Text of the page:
Scramble Like You Mean It
While the Zombie has gained his fans as a striker, his biggest wins have come via his grappling. Just like on the feet, Jung has fantastic instincts for weaknesses while scrambling. If his opponents give him an inch, he will take a mile.
What you will notice about the above gif is that what makes it the reversal possible is that Poirer is running into the takedown. His momentum carries him forward and before he can settle into his top position, Jung uses the momentum to swing him over his head. As soon as he feels Poirer shooting, Jung is already wrapping his arms around his waist and looking to throw him over the top. It is a fantastic scramble by Jung, but it is made possible by Poirer’s mistakes.
Without his scrambling, Jung is still a potent grappler. He is quick to threaten submissions, and will chain armbars and triangles from the guard very quickly. His grappling is much like his striking. He doesn’t give much thought to his defense.
His will give up top position to threaten an armbar, and he will stay in guard if he thinks he can snag a submission. While he is undoubtedly dangerous on the mats, he does not try to win rounds. He is constantly looking to finish, and as such there is a threat of him getting outworked if he cannot find it. Such an outcome would not be an unusual one for his next opponent, Dennis Bermudez.
Dennis Bermudez: A Lesson In Discipline
For a long time, Dennis Bermudez has been flying a little under the radar. After finishing second on TUF 14 to Diego Brandao, Bermudez went on a 7 fight win streak. This included wins over Clay Guida and current interim featherweight champion Max Holloway. What has made him so successful in his career so far is the fact that Bermudez is a well put together fighter. He is a good striker, a good grappler, and a good clinch fighter. He is well conditioned, he is strong for the division, and he keeps a good pace. There are a lot of things to admire about the way Bermudez goes about his game, but there are holes too.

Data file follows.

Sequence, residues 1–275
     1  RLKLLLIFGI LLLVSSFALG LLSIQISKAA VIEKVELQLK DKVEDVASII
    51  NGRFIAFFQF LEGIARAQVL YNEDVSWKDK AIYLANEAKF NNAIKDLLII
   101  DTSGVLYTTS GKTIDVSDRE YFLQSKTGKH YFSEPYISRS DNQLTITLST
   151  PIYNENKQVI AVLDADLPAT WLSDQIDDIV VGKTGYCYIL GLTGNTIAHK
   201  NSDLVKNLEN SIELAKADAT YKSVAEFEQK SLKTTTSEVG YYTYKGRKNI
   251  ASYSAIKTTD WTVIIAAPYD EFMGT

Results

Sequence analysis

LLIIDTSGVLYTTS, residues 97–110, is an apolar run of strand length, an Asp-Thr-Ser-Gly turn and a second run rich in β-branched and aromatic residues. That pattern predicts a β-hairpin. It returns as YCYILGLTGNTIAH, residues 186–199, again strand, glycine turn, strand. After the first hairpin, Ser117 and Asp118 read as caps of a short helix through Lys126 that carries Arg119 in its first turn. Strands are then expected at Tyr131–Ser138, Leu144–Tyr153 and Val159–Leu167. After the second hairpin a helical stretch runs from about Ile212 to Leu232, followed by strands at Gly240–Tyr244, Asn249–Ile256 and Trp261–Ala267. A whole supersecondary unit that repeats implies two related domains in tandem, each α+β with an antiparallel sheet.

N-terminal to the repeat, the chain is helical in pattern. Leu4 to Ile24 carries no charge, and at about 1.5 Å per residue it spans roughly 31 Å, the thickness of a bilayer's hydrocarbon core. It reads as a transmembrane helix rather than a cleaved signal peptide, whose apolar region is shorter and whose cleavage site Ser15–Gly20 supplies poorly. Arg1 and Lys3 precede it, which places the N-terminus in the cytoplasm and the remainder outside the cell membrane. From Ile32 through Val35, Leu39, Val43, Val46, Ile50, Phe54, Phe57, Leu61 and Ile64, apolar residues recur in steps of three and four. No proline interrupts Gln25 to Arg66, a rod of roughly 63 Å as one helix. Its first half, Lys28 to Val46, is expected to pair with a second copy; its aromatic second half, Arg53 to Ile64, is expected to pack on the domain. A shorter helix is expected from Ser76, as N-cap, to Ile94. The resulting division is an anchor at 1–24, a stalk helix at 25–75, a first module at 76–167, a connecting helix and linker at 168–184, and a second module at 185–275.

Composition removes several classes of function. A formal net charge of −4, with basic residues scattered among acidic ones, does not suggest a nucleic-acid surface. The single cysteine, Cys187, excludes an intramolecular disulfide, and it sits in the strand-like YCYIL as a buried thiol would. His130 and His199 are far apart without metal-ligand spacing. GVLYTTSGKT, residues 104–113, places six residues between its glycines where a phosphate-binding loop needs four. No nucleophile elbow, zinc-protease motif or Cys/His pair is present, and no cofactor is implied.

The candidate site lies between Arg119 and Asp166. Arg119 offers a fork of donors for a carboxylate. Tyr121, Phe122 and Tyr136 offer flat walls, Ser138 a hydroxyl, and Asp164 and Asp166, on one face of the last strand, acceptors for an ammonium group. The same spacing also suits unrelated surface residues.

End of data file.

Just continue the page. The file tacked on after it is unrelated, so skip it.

A Conduit For Coaching
Bermudez as a striker is a result of his coaching. He does a lot of things well that you would want a striker to do. He can move his head on the outside, he leads behind a jab, and he will often finish his combinations with a hard low kick.
From the outset of a fight, Bermudez will press forward and look to land shots. He can counter reasonably well and when he focuses on his head movement he can be very difficult to hit.
Bermudez has all the key notes of a disciplined striker. What he is lacking is intent. He is constantly pressing forward, but he doesn’t try to put his opponent on the fence. He mixes up his strikes, but he doesn’t play with his opponents expectations. While his head movement on the outside is commendable, he will often leave his head straight up after he actually steps in to throw. No matter what is going on in the fight around him, Bermudez will fight the same way. That can be both a blessing and a curse.
This is not to say that his striking is perfect. For someone who can look so sharp in combination, Bermudez has a wild right hand. When throwing it he will often force his rear leg off the ground, turning it into an almost unintentional superman punch.
A Road Map To The Mat